About Us

I grew up with dogs, cats and horses. In fact, as a child and teenager, horses were my passion. An early working life spent in London meant that it wasn’t until after having our second daughter we decided the time had come to get a family dog.  

We then proceeded to make a series of unwise decisions! We not only chose a very energetic breed, a Hungarian Vizsla, but purchased our puppy from a remote farm where the puppies had had no social experience beyond the barn they were kept in. The pups were due to leave home in a couple of weeks, but we had a holiday booked so agreed to pick our puppy up at about 12 weeks old.  We named our puppy Lenke and started out on the long drive back home to Aylesbury; unfortunately she was ill most of the way home. Once home she screamed and howled in her crate every night and had no idea about toileting outside, in fact she usually used her crate as an indoor toilet.  She would frantically run around the living room, sending everything flying, nipped us so badly that we couldn’t stroke her, and tore the children’s clothes to shreds. She also growled if we tried to take things away from her. As she went through adolescence she started challenging our daughters’ friends, and would bark at people in the street, or anyone out walking who didn’t have a dog. I used to lie awake at night wondering what on earth we had done. We had all so wanted a dog to love and how wrong things seemed to have gone. 

Slowly things began to improve and thankfully Lenke turned into a lovely dog who was good with children and adults. Training played a big part in this reform, but the realisation that we had to meet her needs was probably the most important factor.

Our experience with Lenke had a big impact on my dog training journey. I understand the real sense of panic that you might feel when faced with a new puppy or a dog that doesn't fit your expectations. Most importantly I want to help people to avoid making the whole catalogue of mistakes that we made. Getting a working dog puppy from such a different environment to ours was always likely to be challenging and Lenke had missed out on most of her prime socialisation opportunities, shut away in a barn. But you don’t know what you don’t know! My passion is to help people not make the mistakes we did.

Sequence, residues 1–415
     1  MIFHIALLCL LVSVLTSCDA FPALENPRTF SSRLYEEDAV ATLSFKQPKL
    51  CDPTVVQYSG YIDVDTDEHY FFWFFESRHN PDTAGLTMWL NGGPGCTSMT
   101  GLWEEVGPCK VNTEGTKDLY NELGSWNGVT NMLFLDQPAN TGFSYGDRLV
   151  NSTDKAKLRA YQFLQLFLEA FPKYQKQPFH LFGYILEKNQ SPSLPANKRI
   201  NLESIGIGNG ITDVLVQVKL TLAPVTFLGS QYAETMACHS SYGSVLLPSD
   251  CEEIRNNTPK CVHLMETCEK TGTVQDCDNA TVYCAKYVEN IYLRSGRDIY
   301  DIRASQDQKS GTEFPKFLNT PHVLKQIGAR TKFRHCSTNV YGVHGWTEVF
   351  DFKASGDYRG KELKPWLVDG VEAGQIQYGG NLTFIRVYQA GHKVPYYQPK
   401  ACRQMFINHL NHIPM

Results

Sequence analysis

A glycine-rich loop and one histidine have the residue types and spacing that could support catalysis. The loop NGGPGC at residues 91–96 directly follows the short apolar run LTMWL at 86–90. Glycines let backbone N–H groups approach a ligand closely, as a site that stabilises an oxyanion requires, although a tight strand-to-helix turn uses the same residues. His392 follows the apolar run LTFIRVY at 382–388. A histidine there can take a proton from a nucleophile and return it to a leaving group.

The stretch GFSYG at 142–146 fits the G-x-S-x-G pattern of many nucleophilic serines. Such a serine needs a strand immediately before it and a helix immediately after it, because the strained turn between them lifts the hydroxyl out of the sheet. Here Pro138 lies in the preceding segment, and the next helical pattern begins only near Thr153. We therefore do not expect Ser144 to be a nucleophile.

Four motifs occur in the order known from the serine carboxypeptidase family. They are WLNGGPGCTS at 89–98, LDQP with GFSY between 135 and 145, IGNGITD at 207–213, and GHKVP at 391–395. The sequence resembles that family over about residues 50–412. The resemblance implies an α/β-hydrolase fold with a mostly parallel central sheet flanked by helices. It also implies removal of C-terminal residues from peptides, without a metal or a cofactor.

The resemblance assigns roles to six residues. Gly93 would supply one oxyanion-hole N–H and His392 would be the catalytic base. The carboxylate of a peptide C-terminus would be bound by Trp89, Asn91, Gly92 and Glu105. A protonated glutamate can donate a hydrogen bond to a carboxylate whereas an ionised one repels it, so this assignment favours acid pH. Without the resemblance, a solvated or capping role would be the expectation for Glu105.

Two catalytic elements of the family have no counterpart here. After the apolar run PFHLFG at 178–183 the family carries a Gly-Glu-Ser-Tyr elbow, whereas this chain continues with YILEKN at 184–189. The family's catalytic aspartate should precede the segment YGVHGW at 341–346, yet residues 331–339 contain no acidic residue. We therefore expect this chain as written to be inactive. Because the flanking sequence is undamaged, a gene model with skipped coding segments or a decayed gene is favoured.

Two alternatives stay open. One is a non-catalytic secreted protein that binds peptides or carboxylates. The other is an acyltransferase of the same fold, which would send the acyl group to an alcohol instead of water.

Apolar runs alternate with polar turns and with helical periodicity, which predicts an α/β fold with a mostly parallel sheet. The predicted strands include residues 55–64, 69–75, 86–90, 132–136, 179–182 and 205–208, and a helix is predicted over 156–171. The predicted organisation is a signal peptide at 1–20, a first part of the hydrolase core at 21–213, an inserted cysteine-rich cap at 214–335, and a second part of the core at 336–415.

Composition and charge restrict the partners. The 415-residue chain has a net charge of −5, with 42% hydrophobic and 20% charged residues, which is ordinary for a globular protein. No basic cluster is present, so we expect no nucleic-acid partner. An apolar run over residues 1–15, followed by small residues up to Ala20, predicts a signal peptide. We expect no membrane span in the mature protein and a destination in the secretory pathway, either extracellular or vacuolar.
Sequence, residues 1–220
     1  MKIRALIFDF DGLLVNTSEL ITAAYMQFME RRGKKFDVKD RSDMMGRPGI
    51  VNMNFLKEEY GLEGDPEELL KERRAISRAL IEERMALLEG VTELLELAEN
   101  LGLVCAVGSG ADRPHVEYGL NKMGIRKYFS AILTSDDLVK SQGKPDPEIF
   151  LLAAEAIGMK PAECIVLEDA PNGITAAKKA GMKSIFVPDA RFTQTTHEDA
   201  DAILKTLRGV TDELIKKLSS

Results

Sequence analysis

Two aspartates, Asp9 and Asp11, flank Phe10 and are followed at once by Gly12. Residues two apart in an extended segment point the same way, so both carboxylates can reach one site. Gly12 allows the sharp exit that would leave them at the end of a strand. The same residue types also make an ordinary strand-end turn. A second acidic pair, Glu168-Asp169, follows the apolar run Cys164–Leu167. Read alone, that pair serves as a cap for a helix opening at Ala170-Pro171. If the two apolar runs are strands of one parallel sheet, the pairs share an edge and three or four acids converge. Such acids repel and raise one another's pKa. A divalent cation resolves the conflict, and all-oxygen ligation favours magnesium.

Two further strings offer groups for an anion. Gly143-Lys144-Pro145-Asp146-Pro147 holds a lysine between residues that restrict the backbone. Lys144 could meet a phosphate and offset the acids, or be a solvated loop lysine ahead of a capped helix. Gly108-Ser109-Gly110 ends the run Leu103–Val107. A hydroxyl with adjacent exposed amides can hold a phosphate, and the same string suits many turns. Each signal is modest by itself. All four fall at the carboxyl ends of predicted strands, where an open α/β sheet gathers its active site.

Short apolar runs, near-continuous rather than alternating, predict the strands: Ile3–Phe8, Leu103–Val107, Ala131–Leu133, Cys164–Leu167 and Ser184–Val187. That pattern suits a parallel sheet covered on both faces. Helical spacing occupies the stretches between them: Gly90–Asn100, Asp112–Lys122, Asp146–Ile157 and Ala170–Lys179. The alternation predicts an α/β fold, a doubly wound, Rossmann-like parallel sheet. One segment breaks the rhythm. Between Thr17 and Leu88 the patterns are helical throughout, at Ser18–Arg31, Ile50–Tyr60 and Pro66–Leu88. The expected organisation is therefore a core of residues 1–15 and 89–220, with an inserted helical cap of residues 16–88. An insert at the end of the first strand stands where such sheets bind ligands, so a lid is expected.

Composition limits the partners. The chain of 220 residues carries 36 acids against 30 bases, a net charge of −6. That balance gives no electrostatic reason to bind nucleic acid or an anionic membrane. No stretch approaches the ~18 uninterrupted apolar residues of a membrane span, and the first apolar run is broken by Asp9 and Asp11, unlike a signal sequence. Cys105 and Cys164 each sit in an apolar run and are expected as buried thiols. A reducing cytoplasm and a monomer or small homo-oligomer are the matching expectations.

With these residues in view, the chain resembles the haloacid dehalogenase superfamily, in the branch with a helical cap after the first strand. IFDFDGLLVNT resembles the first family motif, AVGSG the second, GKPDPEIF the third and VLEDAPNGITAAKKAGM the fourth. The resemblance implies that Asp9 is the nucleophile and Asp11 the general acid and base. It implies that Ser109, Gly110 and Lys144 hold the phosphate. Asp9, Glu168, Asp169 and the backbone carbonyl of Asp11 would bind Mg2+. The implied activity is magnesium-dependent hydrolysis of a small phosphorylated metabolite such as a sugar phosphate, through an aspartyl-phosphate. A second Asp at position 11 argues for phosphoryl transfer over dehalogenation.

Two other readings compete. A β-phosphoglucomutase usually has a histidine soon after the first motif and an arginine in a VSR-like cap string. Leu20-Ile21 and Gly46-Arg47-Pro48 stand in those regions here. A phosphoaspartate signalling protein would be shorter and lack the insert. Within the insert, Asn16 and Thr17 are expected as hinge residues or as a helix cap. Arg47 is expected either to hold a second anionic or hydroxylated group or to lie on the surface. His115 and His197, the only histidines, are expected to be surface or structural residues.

The more I learned about dog behaviour and training, the more I realised how much there was to learn! Back then, opportunities for training were much more limited and training methods have also changed over the years. I remember going to classes with our Welsh Spring Spaniel, Brecon, when I was about eight with my mother. The only trainer for pet dogs in our area was none other than Barbara Woodhouse! My mother was ‘Mrs Brecon’ for the entire course. Nowadays there has been a shift towards kinder and more ethical training methods, but Barbara was largely responsible for the advent of pet dog training in the UK. The alternatives at the time were much more punitive and based on sometimes heavy-handed working dog training. 

Six years after getting Lenke we added Bella to our family. Bella was a Standard Goldendoodle from a deeply knowledgeable breeder. She was the easiest, kindest, loveliest dog you could ever hope to meet. The breeder, Jackie, was a mine of information, the parent dogs were friendly and well trained and the puppies were reared in the house. This experience of how important genetics, epigenetics and early experiences can be has left a lasting impression on me. Also knowing how to manage a puppy properly so that they don’t learn the wrong things!

We ended up breeding from Bella, and her daughter Maddie (now 14) and were the proud parents of many wonderful pups who went on to qualify as assistance dogs with Canine Partners. 

I then concentrated on my own training and first qualified as a Gwen Bailey Puppy School Tutor, and then as a member of the Association of Pet Dog Trainers (no. 01523) and the Animal Behaviour and Training Council. I also qualified as a games and concept based trainer in 2017.

I am also an accredited Dynamic Dog Practitioner qualified to carry out functional assessments which can be useful tools in unravelling behavioural issues. This involves not only gait analysis, but also a deep dive to try to identify any potential causes of discomfort.

I work hard to keep my learning up to date, and have expanded my classes to include Fun Gundog Games, some Trick Training, Parkour and basic Scent Work.